So your theory does have problems. My argument comes from visual clues. Language can be misconstrued. Translations can be faulty. However, we see Ganon approach Zant when he was in his worst despair. This would make sense if he was floating out in a void, "asleep" in a sense. I can't imagine that Ganon would be there for so long, simply waiting for a Twili like Zant to come around. It makes sense if Ganon stayed within Zant, growing strong, feeding off of the suffering that Zant was causing, until he was able to be reborn in Hyrule with his full power. This is why he needed Zant. This is why he simply didn't discard Zant immediately. This is why it took so long for him to return to full power. It seems to fit into place pretty well.

He had been empowered during the execution scene? Either you're saying that the execution scene happened months before TP began and the Sages were holding him for the hell of it, which doesn't make sense in your time frame, or Ganon was floating in the Twilight Realm for years twiddling his thumbs. He might have been empowered in the execution scene, but Ganon said himself he needed to be awakened. Zant describes the twilight like a cage. Therefore he would be drawn into the twilight where he would be caged for a time until Zant draws his attention. He would be "weaker" at first, although weak for Ganon is still damned powerful, so I'm pretty sure there's absolutely nothing in the game indicating that he could not house his power in Zant in that state. If he was already fully empowered, then why use Zant? Why require all that time to go back to Hyrule? If he was already at peak condition, none of this would make sense. There is no power Zant contained that Ganon had need of. Even if he needed Zant in the Twilight Realm, he could have ditched him afterwards and spread darkness throughout Hyrule and conquered it. No, he needed that time to fully awaken.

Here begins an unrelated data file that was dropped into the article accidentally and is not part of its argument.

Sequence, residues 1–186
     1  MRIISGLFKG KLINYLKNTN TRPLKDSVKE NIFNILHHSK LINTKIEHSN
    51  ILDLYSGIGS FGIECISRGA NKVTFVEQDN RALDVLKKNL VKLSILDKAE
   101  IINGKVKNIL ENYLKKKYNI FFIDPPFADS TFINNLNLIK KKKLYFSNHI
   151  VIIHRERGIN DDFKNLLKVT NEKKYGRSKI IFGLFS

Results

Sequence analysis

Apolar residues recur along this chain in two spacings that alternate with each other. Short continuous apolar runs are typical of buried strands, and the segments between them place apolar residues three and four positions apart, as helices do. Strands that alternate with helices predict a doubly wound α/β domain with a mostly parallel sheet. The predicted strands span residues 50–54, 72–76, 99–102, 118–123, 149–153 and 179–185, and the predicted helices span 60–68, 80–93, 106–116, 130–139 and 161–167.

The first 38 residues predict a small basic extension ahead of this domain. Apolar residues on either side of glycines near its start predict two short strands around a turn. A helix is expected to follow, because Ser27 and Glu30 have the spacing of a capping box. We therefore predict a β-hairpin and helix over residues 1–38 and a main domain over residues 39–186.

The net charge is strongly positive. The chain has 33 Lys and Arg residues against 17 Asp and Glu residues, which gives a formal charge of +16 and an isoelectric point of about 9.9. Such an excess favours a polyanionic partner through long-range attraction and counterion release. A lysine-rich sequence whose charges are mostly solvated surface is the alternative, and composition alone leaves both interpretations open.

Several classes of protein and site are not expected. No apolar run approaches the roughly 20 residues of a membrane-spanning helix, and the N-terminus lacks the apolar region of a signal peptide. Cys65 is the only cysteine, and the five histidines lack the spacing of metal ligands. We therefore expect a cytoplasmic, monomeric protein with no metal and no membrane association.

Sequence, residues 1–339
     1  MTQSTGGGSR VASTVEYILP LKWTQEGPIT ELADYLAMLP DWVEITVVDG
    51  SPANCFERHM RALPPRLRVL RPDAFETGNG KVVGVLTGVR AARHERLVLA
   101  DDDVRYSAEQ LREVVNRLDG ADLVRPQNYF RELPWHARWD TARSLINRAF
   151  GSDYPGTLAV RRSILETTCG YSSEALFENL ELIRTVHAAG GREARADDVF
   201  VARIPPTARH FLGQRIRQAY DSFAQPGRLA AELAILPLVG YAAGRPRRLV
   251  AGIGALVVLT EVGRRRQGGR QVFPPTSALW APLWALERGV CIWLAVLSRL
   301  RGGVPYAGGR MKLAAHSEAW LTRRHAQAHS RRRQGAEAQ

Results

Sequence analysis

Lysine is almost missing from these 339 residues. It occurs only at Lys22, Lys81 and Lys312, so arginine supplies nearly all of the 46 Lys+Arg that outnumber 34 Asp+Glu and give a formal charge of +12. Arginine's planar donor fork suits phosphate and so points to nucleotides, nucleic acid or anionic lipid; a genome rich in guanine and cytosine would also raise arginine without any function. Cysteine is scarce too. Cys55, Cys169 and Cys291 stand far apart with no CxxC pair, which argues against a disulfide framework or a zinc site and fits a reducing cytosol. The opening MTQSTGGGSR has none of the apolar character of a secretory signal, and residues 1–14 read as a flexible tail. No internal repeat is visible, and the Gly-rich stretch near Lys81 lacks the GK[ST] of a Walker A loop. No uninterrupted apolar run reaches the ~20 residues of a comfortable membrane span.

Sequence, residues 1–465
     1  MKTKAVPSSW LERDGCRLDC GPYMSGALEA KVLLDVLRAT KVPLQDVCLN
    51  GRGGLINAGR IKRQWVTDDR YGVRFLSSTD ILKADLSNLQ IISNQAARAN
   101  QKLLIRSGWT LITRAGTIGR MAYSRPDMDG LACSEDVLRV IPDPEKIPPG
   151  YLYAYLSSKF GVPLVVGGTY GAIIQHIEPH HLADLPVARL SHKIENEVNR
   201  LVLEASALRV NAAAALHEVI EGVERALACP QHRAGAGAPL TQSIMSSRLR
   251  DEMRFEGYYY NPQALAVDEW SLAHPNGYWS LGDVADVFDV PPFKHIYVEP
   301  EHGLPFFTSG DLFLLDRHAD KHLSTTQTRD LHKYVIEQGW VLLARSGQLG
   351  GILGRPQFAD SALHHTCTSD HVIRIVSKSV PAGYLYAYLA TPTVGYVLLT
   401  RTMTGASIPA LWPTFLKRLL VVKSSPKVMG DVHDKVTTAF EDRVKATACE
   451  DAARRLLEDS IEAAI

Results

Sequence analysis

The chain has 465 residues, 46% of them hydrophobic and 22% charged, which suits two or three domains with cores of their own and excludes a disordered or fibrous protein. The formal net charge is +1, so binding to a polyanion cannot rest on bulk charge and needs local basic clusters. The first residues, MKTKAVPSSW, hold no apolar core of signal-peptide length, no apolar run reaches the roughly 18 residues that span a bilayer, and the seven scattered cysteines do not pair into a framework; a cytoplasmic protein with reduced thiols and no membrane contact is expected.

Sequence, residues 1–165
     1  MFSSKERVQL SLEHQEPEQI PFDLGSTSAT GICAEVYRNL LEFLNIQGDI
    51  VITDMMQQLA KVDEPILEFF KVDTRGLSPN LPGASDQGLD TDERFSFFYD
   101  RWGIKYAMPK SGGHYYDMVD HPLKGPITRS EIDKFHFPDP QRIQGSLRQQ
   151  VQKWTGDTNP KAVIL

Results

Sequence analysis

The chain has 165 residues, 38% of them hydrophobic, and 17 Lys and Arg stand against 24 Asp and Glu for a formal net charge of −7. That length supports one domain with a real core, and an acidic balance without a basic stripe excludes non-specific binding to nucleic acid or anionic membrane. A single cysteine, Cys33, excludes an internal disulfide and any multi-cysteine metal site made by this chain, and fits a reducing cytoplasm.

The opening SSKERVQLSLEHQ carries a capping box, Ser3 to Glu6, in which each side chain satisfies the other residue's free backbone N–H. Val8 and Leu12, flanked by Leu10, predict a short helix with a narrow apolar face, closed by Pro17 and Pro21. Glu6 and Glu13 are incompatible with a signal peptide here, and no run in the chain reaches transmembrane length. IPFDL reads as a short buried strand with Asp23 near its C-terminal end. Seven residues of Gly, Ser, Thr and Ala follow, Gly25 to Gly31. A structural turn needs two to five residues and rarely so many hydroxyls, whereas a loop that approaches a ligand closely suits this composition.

There's one thing you're forgetting about destiny. It might come in response to evil, it might lead to its defeat, but destiny always allows the bad guy to dink around first. Did destiny allow a powerful hero, of age, to rise up and defeat Ganon before he held the Triforce? No, the prophecy was built around Ganon claiming the Triforce, thus the Sheikah legend. Where was it when Hyrule needed a savior before Wind Waker or in the former telling of the Imprisoning War? The gods instead go the hard route and flood Hyrule. Destiny allows evil to triumph for a time, some times longer than others. They might oppose evil, but it is clear that they allow things to happen.

The problem is, you're arguing against a general viewpoint. I don't believe that Ganon just happened to be granted the Triforce piece. I think there are two far more likely scenarios: 1) when the childline was created, since Ganon had touched the Triforce in the adult timeline, those effects were in place for the child timeline or 2) Ganon did not have the actual Triforce piece but an essense of sorts of its power.

And I still don't get your viewpoint. So you're saying that darkness is independent of the goddesses. It's essentially on equal footing as light. However, why is darkness not represented by a powerful being or three? There are all of these gods and guardian forces working for the good of Hyrule, and yet we never see the antithesis of this. Why is there not something working for the bad of Hyrule? The two cannot be on equal footing if light always has powerful beings working for it while darkness is left to the hearts of evil men. So where did darkness come from? If darkness is a simple lack of light, then light can overpower darkness easily. You simply need light and darkness goes away. If darkness grew independent of the goddesses, then it would have to come from an equally powerful source.